Having developed this backdrop of social and political dynamics structuring individual freedoms, Oppolzer reads failures of transition and development in such dominant institutions as education, the Church, the family, and the law. He connects these institutional readings with his textual analyses of abortive maturation through somewhat stilted readings of works by Walpole, Lewis, Radcliffe, Mary Shelley, and Maturin.
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Gothic Romanticism traces dynamics within the evolution of the Gothic in the s: a contested political field claimed by both reactionary anti-Jacobins and radicals alike. However, he makes some very welcome contributions to readings of first-generation Romantic conservatism. Some articles of general interest contributed to expanding the picture of broader Lake School sociability.
Richard J. Westall provided a series of Westmorland landscape sketches for the later published works of Wordsworth and Southey. Dove Cottage receives 60, visitors a year, and the Trust engages with the writings and works of 3, artists. In particular the recently inaugurated Jerwood Centre houses some 60, items, including original drafts of Lyrical Ballads and The Prelude , among other treasures. The expanding discourse of Romantic Judaism received some very welcome and substantial contributions this year. Scrivener illuminates the multifaceted character of the infamous moneylender John King, and his unexpected political friendship with William Godwin.
Spector also discussed in Section 3 below , is a collection of essays all addressing aspects of the occluded or overlooked presence of Jewish culture within the Romantic era, and in Romantic scholarship. Key themes of this provocative collection are diaspora and national identity, anti-Semitism and assimilation, Judaic tradition and the Jewish Enlightenment Haskalah. Toby R. Karen Weisman examines the Jewish poet Hyman Hurwitz, writing elegies for Princess Charlotte Augusta with political and nationalistic subtexts. Stanley J. Judith W.
The Romance of Gambling in the Eighteenth-Century British Novel
Page analyses Records of Israel , which dramatizes the Jewish diaspora from Catholic Spain, and their escape from the Lisbon earthquake. Fredrick Burwick gives a fascinating and rich account of the Jew on the London stage, and the successes and limitations facing Jewish actors.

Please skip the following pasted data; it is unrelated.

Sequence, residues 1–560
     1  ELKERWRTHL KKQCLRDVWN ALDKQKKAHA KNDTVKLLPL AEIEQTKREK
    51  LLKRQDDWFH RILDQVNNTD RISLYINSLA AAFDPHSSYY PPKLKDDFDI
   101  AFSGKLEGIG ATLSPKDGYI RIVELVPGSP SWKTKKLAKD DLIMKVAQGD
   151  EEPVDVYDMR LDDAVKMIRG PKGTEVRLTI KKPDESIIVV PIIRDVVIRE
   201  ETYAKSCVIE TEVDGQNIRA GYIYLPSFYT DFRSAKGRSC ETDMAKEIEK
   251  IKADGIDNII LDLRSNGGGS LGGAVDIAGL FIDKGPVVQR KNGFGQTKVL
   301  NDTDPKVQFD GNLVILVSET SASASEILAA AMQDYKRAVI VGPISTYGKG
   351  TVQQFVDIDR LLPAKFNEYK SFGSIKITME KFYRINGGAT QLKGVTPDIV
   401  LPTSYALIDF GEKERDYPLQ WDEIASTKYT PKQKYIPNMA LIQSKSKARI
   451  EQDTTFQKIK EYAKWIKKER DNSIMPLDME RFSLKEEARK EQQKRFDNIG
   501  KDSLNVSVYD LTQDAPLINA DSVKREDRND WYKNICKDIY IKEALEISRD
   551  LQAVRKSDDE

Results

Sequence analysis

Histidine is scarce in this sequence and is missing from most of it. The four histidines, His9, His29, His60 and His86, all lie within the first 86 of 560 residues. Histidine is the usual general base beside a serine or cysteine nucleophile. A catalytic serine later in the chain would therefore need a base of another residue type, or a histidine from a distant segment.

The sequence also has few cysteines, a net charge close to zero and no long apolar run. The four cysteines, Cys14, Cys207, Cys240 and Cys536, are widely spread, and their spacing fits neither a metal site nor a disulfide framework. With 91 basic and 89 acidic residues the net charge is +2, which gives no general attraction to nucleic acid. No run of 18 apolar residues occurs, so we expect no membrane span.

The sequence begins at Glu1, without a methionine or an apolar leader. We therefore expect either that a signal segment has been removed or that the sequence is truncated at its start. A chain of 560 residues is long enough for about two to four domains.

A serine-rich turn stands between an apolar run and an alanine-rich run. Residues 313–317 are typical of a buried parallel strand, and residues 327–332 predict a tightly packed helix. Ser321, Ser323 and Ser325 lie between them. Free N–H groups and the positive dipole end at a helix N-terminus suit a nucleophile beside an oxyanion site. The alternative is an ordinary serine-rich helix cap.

- Teaching Race and Racial Difference in Romantic Reformist Fiction.
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Mark L. Schoenfield describes the successful Jewish boxer Daniel Mendoza in Romantic-era cultures of masculinity and pugilism.
Sheila A. Michael Scrivener gives a useful overview of nineteenth- and twentieth-century British Jewish authors and critics. Jeffrey C. Robinson concludes this volume with a summation of the enduring importance of M.
Tomko traces this dichotomy in The Excursion and Essays on Epitaphs. And yet, alongside the Lakers, Scott was vehemently opposed to Catholic enfranchisement. Addressing a very different tradition, Isabel Rivers and David L. Watson focuses on Isaac Watts, the most seminal early eighteenth-century Dissenting hymnodist. Ken Manley sheds light upon the role played in disseminating nonconformist hymns by the West Country Baptist minister and publisher John Rippon.
David M. Clyde Binfield discusses W. Garrett Horder, a rather unappealing and bullying hymnodist of the early twentieth century. Wyn James concludes this collection with a survey of the development of Welsh hymnody. Romantic-era journalism received some thorough scholarly analysis.
Instead, Hessell historicizes the evolution of eighteenth-century journalism, reconnecting these literary figures with the contextual conventions of journalism, which have been largely occluded by literary critics. What has often been interpreted as especially brilliant and groundbreaking reportage by these writers was often only standard procedure, or a product of contextual limitations of parliamentary journalism.